Don't use regular expressions to "validate" email addresses

Ben Finney bignose+hates-spam at benfinney.id.au
Fri Sep 22 07:23:53 CEST 2006


Steve Holden <steve at holdenweb.com> writes:

> Ben Finney wrote:
> > The best advice I've seen when people ask "How do I validate
> > whether an email address is valid?" was "Try sending mail to it".
> > 
> That only applies if it's a likely-looking email address. If someone
> asks me to send mail to "splurge.!#$%*&^from at thingie?><{}_)" I will
> probably assume that it isn't worth my time trying.

You, as a human, can possibly make that decision, if you don't care
about turning away someone who *does* have such an email address. How
can an algorithm do so? There are many valid email addresses that look
as bizarre as the example you gave.

> > The sending system's mail transport agent, not regular
> > expressions, determines which part is the domain to send the mail
> > to.
> > 
> > The domain name system, not regular expressions, determines what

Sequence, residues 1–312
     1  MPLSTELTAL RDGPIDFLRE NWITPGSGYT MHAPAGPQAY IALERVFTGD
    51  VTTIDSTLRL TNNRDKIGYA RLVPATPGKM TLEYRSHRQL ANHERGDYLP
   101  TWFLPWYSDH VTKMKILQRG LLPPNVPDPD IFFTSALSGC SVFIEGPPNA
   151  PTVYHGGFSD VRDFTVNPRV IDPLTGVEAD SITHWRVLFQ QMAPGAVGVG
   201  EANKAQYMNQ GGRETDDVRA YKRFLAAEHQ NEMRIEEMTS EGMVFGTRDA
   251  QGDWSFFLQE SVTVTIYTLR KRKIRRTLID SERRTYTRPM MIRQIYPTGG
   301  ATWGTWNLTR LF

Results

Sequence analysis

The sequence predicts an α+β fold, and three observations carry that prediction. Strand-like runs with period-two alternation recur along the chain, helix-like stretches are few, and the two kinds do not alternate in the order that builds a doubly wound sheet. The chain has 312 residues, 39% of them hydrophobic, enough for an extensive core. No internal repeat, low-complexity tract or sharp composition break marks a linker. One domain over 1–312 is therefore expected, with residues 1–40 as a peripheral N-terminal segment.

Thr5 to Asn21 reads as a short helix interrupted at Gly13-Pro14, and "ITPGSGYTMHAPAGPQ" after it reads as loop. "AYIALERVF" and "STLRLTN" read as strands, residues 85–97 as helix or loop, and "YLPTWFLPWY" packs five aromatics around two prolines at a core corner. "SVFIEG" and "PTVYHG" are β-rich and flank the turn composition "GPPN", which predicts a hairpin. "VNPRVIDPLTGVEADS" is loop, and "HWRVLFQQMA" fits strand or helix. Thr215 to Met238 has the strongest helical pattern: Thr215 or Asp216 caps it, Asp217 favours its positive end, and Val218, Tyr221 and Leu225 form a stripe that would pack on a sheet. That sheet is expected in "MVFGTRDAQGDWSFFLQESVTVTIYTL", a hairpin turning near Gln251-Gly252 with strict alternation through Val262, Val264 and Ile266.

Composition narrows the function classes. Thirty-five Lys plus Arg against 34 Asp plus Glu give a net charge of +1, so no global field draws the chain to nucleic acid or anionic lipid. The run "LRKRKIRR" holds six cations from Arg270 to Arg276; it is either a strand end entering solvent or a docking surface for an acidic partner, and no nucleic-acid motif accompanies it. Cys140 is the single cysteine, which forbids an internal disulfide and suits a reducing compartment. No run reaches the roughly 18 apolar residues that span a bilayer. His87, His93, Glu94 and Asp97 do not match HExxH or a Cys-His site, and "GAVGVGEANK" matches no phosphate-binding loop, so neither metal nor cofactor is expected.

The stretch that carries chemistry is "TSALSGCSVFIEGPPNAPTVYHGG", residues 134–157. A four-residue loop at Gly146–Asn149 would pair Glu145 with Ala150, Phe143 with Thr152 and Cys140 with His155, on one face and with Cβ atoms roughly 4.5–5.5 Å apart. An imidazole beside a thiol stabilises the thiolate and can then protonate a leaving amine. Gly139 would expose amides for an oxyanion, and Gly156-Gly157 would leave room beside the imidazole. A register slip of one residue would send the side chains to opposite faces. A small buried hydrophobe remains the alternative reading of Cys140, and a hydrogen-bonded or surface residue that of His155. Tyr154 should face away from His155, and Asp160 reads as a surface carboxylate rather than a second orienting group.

> > domains are valid, and what host should receive mail for that
> > domain.
> > 
> > Most especially, the receiving mail system, not regular
> > expressions, determines what local-parts are valid.
> > 
> Nevertheless, I am *not* going to try delivery to (for example) a
> non-local address that doesn't contain an "at@ sign.

Would you try delivery to an email address that contains two or more
"@" symbols? If not, you will be denying delivery to valid RFC2821
addresses.

This is, of course, something you're entitled to do. But you've then
consciously chosen not to use "is the email address valid?" as your
criterion, and the original request for such validation becomes moot.

-- 
 \        "During my service in the United States Congress, I took the |
  `\                 initiative in creating the Internet."  -- Al Gore |
_o__)                                                                  |
Ben Finney




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